Retailers have been trying for years to escape more than $90 billion in swipe fees levied by credit-card companies.
Some believe the answer lies in payment apps, with also allow retailers to collect consumer data and may provide “stickiness” with their loyalty programs.
While shoppers have largely shunned mobile payments offered by third-party providers like Apple, Google and PayPal, retailers are trying to persuade customers to embrace the technology by dangling discounts and other perks.
Several chains, including Walmart, Starbucks & Kohl’s , have had some success by baking the apps into their own loyalty programs—and more than half of companies surveyed recently by the National Retail Federation said they’ve implemented “branded digital wallets” or are considering it.
Like the captain of the Titanic, leadership of failed and failing retailers has been publicly, and occasionally brutally, criticized. In some instances, this criticism is clearly deserved, in other cases not.
It may not be as bad as it seems.
Despite the painful passing and decline of retail industry stalwarts including Linens ‘n Things, RadioShack, The Bon-Ton Stores, Toys R Us, Sears and Kmart, retail chains including Macy’s, Kohl’s, Walmart, Target and other major retailers are showing financial improvement. Macy’s stock price is up 40+ percent year-to-date, Kohl’s is up 30+ percent, and Target is up 25+ percent. The rumors of the death of brick-and-mortar retail have been greatly exaggerated. And, Sears, Kmart and JC Penney are still open for business.
Recently, I participated in the Annual Retail Forum at Columbia Business School where a keynote speaker addressed a question from the audience: “
How would the speaker approach the precarious position of a challenged major retailer? What steps would you recommend?”
The response was,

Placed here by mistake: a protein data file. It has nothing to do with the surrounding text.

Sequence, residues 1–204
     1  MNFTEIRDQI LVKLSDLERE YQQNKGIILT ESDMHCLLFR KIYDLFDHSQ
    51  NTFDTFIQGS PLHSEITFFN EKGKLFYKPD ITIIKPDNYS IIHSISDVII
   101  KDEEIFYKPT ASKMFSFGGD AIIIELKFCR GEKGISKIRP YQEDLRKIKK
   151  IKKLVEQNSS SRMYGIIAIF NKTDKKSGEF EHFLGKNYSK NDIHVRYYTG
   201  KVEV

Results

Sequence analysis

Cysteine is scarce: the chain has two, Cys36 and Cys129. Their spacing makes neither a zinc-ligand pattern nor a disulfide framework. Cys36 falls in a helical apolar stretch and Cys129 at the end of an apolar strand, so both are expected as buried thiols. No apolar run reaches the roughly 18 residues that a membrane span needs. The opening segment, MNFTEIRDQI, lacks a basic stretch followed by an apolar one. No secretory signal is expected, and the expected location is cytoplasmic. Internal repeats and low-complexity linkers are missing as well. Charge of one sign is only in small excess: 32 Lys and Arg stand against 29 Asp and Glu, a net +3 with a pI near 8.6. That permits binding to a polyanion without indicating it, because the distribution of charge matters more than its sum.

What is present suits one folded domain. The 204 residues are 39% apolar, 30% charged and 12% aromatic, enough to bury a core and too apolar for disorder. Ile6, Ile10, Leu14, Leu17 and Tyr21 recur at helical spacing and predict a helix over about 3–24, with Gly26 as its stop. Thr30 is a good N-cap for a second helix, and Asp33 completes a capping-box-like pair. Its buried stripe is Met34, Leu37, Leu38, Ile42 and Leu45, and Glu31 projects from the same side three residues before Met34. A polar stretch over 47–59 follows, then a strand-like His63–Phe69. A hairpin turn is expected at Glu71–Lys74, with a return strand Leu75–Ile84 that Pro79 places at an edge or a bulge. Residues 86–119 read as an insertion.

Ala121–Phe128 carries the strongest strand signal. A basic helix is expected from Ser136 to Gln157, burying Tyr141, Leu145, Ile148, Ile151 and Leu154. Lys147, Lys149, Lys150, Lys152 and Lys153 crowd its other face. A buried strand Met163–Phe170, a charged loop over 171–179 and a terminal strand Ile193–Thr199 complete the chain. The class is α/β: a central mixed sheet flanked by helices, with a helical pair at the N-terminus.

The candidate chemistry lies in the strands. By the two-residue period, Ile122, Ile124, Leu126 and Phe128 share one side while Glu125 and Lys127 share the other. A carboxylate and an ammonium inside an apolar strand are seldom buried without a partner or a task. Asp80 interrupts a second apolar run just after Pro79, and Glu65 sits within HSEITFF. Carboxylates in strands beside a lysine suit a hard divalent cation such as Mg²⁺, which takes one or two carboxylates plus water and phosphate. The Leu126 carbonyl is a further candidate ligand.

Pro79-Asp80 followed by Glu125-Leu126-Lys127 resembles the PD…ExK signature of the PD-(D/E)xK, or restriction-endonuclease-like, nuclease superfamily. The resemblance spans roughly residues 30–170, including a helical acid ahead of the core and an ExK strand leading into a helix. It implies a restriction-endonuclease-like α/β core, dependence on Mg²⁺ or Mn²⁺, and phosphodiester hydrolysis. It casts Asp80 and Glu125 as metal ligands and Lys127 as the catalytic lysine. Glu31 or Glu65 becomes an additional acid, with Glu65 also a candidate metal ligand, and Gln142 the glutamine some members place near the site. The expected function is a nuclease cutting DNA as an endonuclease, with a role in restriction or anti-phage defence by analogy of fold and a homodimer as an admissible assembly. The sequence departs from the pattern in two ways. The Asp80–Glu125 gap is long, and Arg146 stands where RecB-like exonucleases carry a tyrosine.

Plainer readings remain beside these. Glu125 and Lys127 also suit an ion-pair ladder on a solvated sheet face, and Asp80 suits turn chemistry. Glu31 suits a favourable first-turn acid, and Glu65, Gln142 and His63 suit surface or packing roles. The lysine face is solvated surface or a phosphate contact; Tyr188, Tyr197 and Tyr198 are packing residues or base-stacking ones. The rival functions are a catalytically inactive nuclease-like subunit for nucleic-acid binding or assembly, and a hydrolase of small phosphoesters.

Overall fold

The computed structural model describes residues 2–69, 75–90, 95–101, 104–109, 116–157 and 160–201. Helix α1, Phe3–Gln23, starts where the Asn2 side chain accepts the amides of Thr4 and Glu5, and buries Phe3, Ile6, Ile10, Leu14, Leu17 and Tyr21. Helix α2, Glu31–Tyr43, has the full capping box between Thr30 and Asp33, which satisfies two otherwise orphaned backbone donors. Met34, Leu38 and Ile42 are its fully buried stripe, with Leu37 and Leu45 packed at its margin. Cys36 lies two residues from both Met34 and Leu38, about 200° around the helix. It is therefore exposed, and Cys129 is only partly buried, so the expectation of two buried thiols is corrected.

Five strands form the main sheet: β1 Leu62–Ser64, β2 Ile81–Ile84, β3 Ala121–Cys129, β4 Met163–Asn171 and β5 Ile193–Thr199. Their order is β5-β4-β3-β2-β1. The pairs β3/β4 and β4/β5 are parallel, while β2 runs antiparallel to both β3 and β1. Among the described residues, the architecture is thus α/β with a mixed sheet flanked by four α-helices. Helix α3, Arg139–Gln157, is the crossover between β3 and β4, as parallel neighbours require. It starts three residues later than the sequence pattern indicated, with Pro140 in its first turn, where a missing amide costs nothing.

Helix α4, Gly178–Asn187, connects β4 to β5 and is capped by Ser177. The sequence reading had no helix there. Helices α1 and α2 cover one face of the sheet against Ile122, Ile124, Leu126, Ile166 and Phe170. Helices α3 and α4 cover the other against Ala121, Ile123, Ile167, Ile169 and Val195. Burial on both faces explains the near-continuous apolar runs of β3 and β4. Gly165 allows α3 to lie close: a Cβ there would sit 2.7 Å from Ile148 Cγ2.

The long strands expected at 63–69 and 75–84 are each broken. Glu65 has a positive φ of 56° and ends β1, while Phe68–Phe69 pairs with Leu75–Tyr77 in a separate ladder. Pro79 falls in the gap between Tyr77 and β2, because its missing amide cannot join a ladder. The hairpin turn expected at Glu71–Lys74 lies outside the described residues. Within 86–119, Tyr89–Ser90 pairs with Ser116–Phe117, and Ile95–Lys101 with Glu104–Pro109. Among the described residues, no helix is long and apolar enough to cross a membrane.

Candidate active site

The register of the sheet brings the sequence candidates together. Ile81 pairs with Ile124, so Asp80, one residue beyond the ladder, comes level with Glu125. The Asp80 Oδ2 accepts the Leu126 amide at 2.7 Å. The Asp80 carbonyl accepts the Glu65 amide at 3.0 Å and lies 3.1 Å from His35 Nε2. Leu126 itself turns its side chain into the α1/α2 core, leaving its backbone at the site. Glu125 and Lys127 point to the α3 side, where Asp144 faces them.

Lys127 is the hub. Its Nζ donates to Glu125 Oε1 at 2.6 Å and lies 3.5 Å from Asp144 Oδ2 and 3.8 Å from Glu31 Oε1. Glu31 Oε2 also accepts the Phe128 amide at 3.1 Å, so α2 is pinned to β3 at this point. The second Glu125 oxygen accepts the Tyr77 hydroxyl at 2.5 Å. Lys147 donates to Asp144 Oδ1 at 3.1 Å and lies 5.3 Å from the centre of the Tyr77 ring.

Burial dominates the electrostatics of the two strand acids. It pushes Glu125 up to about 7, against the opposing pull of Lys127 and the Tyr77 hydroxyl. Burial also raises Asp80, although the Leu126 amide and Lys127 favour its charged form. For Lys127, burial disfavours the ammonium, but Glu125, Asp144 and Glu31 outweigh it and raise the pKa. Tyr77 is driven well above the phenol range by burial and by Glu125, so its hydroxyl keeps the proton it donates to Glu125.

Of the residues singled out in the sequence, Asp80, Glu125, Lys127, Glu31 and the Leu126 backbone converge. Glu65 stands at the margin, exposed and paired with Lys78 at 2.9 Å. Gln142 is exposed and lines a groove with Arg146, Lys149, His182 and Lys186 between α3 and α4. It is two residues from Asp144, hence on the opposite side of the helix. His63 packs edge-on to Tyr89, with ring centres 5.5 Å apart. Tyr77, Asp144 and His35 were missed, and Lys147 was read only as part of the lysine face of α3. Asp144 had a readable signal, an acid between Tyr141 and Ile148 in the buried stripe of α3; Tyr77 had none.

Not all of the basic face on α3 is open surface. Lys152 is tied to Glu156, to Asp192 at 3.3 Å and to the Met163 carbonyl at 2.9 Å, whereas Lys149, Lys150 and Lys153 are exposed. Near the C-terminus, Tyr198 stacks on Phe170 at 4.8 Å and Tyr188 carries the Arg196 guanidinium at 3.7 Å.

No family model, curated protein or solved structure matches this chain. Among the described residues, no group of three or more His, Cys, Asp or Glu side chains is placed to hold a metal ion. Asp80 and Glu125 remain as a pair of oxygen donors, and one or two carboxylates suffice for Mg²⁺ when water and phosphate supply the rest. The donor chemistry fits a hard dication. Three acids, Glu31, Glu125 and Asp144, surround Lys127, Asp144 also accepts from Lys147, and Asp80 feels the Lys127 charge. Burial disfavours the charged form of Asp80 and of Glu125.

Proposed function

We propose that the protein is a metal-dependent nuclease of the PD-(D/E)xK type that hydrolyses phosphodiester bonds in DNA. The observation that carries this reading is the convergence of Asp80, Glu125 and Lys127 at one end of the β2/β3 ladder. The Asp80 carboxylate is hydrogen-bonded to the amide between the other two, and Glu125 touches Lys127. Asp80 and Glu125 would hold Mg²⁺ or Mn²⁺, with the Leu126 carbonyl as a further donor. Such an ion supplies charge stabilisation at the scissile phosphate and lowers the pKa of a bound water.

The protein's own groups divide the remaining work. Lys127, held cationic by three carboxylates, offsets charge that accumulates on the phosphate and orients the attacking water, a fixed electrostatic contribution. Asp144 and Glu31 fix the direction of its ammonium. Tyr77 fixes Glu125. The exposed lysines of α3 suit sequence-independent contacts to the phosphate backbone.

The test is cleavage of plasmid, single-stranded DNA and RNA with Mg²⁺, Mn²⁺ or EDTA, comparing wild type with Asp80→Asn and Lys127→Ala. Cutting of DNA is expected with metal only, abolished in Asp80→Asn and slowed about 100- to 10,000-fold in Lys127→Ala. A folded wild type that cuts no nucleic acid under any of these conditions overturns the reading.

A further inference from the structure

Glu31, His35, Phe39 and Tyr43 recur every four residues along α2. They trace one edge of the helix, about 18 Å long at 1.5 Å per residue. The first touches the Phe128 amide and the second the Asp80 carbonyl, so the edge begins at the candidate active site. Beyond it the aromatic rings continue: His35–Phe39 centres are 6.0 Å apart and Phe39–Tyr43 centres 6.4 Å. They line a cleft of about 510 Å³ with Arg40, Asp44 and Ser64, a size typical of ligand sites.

“Shut it down…they don’t deserve to stay in business.”
This, “throw in the towel,” response brings to mind a key question we should ask ourselves. What would we do if we found ourselves as CEO of a retailer at risk of complete cataclysmic failure? One obvious metaphor is that of being captain of the Titanic. You may not remember, but the Titanic had a bonafide captain: his name was Edward John Smith.
Prior to joining Kohl’s, new CEO Michelle Gass, spent 17 years at Starbucks and began her career with Proctor & Gamble.
Kohl’s recently appointed president, Sona Chawla, spent 7 years at Walgreens as president of ecommerce.
Chief Merchanding Officer, Doug Howe joined the company from QVC.
And Chief Marketing Officer, Gregg Revelle, served at Best Buy, AutoNation & Expedia prior to joining Kohl’s.
Really? What do they know about general merchandising?
A lot. Kohl’s shares are up an impressive 30% in 2018 – during a “retail apocalypse.”
Kohl’s has shops where customers can return their Amazon purchases, and buy Amazon Echo, Fire & Kindle devices. Crazy? Like a fox. It’s doubtful that Kohl’s is creating new Amazon customers, and the store is generating increased traffic & loyalty.
Want groceries with your comforter set? Aldi will open supermarkets inside Kohl’s doors as part of a new partnership. Strange bedfellows or clever collaboration? Credit Kohl’s with innovation and a focus on fundamental retail metrics – driving increased sales with less inventory – better turn, less dilution.
And, the company is well positioned to gain market share from recently departed retailers Bon-Ton, Toys R Us and Babies R Us.
Let’s be careful not to confuse private “labels” with private “brands.”
Private label merchandise is generic goods, sold as a commodity (and commodities have price as their value proposition). Private brands, when properly executed, are truly brands, exclusive to a retailer or channel of distribution, with distinct brand attributes, supported by significant marketing.
Overall, private “label” continues the “race to the bottom,” favoring low cost producers. The problem with the race to the bottom is that you might just win — or worse, come in second.
Americans spent 22 BILLION minutes on Amazon shopping platforms in December 2017 alone. More than the next nine platforms combined.
Interestingly, there is a large gap between time spent and dollars spent on mobile vs. desktop devices: while Americans spent nearly two thirds of their online shopping time on smartphones or tablets in Q4 2017, more than 75 percent of e-commerce dollars were spent on desktop devices. This indicates that many people browse products on their mobile devices, but prefer the convenience of a larger screen and keyboard to complete the checkout process.